JonathanErhardt

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We will post more when the game is announced, which should be in 2-3 weeks. For now I'm mostly interested in getting feedback on whether this way of setting the problem up is plausible and doesn't miss crucial elements, less about how to translate it into gameplay and digestible dialogue.

Once the annoucement (including the teaser) is out I'll create a new post for concrete ideas on gameplay + dialogue. 

I really like that and it happens to fit well with the narrative that we're developing. I'll see where we can include a scene like this.

Good point, I see what you mean. I think we could have 2 distinct concepts of "ethics" and 2 corresponding orthogonality theses:
 

  1. Concept "ethics1" requires ethics to be motivational. Some set of rules can only be the true ethics if, necessarily, everyone who knows them is motivated to follow them. (I think moral internalist probably use this concept?)
  2. Concept "ethics2" doesn't require some set of rules to be motivational to be the correct ethics.
     

The orthogonality thesis for 1 is what I mentioned: Since there are (probably) no rules that necessarily motivate everyone who knows them, the AI would not find the true ethical theory.

The orthogonality thesis for 2 is what you mention: Even if the AI finds it, it would not necessarily be motivated by it.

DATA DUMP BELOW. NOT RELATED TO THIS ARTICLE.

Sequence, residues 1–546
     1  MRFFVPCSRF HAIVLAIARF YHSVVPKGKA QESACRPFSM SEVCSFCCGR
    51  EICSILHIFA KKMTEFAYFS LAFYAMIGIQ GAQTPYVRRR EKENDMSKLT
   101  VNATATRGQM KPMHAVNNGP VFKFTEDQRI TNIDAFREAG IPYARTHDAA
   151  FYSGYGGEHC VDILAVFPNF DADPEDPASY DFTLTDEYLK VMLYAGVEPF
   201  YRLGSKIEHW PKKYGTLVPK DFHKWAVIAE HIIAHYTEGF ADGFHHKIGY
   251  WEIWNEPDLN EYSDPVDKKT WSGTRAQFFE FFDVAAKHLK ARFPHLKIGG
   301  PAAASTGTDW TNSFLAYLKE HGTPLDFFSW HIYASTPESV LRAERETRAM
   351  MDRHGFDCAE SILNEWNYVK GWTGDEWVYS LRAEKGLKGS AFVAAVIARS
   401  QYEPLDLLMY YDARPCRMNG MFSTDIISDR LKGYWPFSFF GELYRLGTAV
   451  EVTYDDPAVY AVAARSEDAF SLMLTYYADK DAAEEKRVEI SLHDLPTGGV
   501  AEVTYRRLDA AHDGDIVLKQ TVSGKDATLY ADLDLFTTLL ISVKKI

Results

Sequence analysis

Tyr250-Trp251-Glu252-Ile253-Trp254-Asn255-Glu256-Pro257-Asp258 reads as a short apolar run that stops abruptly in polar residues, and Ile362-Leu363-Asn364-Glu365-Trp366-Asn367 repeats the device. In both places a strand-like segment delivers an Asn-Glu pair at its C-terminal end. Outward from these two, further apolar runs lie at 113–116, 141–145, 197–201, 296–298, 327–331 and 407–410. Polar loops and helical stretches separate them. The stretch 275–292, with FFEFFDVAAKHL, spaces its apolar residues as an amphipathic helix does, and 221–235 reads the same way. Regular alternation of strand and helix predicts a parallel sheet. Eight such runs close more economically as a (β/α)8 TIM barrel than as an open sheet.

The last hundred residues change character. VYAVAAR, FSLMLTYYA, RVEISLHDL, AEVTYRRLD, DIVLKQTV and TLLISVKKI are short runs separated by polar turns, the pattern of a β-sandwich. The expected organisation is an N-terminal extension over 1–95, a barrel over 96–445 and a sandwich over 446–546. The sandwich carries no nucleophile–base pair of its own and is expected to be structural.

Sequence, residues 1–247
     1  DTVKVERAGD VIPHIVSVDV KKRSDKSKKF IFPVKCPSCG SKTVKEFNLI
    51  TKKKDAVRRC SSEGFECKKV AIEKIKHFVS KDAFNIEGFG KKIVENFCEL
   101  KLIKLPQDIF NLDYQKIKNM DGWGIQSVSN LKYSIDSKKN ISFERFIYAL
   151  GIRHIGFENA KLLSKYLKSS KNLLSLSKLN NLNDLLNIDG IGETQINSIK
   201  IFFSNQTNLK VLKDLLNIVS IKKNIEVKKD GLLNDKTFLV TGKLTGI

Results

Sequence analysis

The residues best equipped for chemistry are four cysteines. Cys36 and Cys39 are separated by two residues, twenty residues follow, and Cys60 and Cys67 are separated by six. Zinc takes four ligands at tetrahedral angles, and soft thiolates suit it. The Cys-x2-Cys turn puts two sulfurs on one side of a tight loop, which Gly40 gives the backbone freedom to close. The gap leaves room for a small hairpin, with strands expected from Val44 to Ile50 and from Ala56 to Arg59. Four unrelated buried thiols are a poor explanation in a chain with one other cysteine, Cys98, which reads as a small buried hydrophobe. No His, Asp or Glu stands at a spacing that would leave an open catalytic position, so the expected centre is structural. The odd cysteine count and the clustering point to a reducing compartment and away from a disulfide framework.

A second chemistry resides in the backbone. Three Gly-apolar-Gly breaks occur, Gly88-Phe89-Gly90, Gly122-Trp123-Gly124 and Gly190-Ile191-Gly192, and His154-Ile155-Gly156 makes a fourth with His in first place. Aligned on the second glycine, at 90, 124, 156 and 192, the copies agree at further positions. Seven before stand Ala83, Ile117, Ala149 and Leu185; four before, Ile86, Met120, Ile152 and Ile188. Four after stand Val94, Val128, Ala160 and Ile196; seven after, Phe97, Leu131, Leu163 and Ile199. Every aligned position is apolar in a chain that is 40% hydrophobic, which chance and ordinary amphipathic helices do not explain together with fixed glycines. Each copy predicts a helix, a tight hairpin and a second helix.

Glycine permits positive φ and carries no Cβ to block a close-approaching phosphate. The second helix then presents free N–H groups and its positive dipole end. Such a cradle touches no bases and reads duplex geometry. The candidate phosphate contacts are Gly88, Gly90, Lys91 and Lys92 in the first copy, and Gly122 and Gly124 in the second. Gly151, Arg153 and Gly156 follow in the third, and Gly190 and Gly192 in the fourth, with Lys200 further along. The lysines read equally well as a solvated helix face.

"Yet the average person would say it isn't possible." 

I'd distinguish conceivability from possibility. In the case of possibility there are many types: logical possibility (no logical contradiction), broad logical possibility (no conceptual incoherence), nomological possibility, physical possibility, etc. Most people would probably agree that levitating frogs are logically possible, broadly logically possible, but not physically or nomologically possible as this would contradict the laws of physics.

It's less clear to me that there are many different types of conceivability. But even if they are: the type I care about in the post above is something like "forming a mental model of". 



"But lots of other things were conceivable before the discovery. The narrowing is that, in terms of the correct explanation, the possibility that you get sodium and chlorine is no longer tenable ."

I see, that's a helpful example.

I'd say both of these discoveries/explanations didn't change what is conceivable. Even before the water=H2O discovery it was conceptually coherent/conceivable that electrolysing water yields hydrogen. And it was and is conceivable to levitate a frog as there is no contradiction in this idea. It's just very surprising that it can actually be done.

Could you give me an example of a case where an explanation has broadened or narrowed what is conceivable, so I understand better what you have in mind?